Bangladeshi rights groups staged
Bangladeshi rights groups staged a protest after eight Bangladeshi nationals were beheaded in Saudi Arabia in 2011 Reuters

Amnesty International has criticised Saudi Arabia for excessive use of the death penalty, with 175 judicial killings carried out in the last 12 months.

The report claims that in the first six months of 2015, 102 judicial killings have been carried out, compared with 90 in all of 2015, an average of one execution every two days.

It alleged that many people are being executed for offences which do not deserve the death penalty, with the sentence applied for offences including adultery, apostasy, and witchcraft, as well as drugs offences and murder under the kingdom's strict interpretation of Sharia law.

Some victims sentenced to death are denied access to a lawyer and are forced to confess under torture, according to the report. It claims that among those executed were juvenile offenders and people with mental disabilities.

"Saudi Arabia's faulty justice system facilitates judicial executions on a mass scale," Said Boumedouha, acting director of Amnesty's Middle East and North Africa program, said in a statement.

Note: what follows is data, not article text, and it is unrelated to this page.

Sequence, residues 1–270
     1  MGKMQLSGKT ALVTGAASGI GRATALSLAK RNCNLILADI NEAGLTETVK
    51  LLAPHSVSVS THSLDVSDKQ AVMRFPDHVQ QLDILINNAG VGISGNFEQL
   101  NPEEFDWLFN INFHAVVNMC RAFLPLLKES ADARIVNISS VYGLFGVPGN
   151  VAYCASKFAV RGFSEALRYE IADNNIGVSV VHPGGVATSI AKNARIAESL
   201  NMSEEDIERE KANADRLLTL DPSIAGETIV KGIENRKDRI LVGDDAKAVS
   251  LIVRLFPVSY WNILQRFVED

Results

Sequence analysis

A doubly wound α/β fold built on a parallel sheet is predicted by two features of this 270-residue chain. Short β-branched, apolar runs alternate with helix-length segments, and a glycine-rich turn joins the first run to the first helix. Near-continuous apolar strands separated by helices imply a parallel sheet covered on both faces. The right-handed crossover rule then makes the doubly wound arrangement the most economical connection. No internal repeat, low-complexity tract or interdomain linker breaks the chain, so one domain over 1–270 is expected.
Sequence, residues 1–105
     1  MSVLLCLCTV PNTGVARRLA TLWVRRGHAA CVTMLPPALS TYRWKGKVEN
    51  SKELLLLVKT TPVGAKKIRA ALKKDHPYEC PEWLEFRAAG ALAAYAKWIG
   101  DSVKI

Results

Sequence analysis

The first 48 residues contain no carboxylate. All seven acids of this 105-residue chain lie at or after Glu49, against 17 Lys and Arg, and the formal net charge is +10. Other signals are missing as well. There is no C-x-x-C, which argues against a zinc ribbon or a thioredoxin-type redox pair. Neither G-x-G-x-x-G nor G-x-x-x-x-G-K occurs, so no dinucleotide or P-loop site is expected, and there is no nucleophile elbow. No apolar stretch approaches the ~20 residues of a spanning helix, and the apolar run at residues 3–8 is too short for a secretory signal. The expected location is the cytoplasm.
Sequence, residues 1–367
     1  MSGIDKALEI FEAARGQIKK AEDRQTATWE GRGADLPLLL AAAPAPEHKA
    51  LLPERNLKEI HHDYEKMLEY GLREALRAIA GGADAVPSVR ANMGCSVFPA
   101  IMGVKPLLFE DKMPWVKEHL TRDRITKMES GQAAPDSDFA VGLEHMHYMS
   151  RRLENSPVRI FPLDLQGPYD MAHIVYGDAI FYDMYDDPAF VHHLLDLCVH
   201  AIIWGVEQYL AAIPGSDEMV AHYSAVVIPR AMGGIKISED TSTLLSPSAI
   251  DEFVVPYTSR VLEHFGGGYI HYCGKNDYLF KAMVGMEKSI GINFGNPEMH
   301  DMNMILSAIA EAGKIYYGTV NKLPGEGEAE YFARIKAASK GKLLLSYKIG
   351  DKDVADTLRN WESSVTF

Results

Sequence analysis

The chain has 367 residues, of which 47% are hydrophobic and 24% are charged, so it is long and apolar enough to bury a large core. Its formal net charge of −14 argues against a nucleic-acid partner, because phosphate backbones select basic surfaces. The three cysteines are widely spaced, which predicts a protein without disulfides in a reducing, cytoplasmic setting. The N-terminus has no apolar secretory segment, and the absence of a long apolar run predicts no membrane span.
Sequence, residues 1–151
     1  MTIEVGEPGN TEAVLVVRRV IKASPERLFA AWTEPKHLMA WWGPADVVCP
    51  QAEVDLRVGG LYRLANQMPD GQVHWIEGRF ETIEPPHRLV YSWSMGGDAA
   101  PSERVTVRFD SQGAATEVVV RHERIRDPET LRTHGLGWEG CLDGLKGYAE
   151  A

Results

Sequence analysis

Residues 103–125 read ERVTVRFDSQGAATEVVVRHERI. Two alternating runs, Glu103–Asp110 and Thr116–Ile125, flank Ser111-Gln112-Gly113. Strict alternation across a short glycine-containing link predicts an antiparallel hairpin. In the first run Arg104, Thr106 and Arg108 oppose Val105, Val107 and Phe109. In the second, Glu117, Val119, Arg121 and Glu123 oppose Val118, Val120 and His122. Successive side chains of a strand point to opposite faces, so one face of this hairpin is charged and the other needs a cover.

Saudi Arabia has one of the highest execution rates in the world, with only China and Iran carrying out more judicial killings. Most are executed by beheading, and some are killed by firing squad.

Almost half those put to death were foreign nationals, with many denied access to translators at trial and made to sign legal documents, including confessions, they did not understand.

The report argues that Saudi Arabia's Sharia-based justice system lacks a clear definition of offences and punishments, "leading to vast discrepancies and in some cases arbitrary rulings".

The report highlights the case of two sets of brothers from extended families convicted on drugs charges after allegedly receiving large quantities of marijuana, and were forced to confess after being beaten and deprived of sleep.

"Sentencing hundreds of people to death after deeply flawed legal proceedings is utterly shameful," said Boumedouha.

"The use of the death penalty is horrendous in all circumstances, and is particularly deplorable when it is arbitrarily applied after blatantly unfair trials."

The Saudi government maintains all cases are tried in accordance with Sharia law, and with strict fair trial standards observed.